The NYPD’s Sergeant Benevolent Association is hiring an independent accounting firm to review its finances in the wake of a federal investigation into its embattled leader for allegedly mishandling union funds, The Post has learned. Is.
Following the resignation of former chief Ed Mullins, the union’s new president, Vincent Vallelong, said in a memo sent to members Friday night that the SBA is in the process of tapping an outside accounting firm “to conduct a complete and thorough forensic accounting of our books and records.” To operate” “without elaboration.
The union’s “annuity” and “health and wellness” funds were “not compromised” and remain fully funded, and all member benefits remain unaffected and “in place,” Valelong said, adding that the union’s Financial obligations are being met.
And he said talks with the city on a new contract are ongoing and that the union has “no reason to believe” that ongoing arbitration to pay the 2.25 percent difference to other police officers, including lieutenants and captains, “does not proceed.” will go”. “
Mullins resigned Tuesday night after FBI agents raided SBA offices in Manhattan and his home in Port Washington, Long Island, earlier in the day.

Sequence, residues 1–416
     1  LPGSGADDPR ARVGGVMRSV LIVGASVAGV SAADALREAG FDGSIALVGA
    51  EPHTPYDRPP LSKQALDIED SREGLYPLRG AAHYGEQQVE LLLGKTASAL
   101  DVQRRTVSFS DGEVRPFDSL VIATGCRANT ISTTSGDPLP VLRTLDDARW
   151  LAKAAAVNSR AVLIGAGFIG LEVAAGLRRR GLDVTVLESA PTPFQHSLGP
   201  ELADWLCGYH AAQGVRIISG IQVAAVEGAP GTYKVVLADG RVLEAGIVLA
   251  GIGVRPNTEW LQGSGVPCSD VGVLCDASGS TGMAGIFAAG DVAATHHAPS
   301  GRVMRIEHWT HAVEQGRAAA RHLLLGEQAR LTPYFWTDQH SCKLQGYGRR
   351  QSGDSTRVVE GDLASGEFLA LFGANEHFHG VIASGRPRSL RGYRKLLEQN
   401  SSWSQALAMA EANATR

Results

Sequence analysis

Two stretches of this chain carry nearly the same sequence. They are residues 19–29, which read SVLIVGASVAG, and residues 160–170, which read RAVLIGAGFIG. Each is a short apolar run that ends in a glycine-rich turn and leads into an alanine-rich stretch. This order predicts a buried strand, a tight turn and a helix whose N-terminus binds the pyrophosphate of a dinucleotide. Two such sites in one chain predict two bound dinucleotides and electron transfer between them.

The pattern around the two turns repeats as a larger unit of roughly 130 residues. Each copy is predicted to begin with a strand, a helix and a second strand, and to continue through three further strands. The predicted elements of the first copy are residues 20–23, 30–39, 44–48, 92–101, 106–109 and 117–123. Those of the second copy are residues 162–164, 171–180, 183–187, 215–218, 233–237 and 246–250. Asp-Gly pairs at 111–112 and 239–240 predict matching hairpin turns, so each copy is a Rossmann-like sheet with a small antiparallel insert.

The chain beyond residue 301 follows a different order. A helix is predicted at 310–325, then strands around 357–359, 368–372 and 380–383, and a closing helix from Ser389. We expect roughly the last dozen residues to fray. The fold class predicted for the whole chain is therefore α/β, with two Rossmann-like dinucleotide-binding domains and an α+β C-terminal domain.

The FBI declined to elaborate on the nature of the investigation, but a highly placed law enforcement official has said the investigation includes suspicion of mail and wire fraud, or misappropriation of SBA funds.
A police officer since 1982, Mullins became a sergeant in 1993 and was elected president of the Sergeant Union in 2002. The SBA represents approximately 13,000 active and retired NYPD sergeants and controls a $264 million retirement fund.
During his tenure as SBA chief, the bombers union chief has fought for better pay for members – while also publicly feuding with city officials, including Mayor Bill de Blasio, over police reform and other issues.
He landed in hot water last year after the mayor’s daughter, Chiara de Blasio, busted during a George Floyd protest in Manhattan.
Mullins was slapped with NYPD disciplinary charges for releasing paperwork and other tweets in which he called a city official and a city council member a “bitch” and a “first-class prostitute,” respectively.
The case was heard in September, but was halted after one of Mullins’ attorneys experienced an unspecified medical emergency. It is set to resume on 27 October.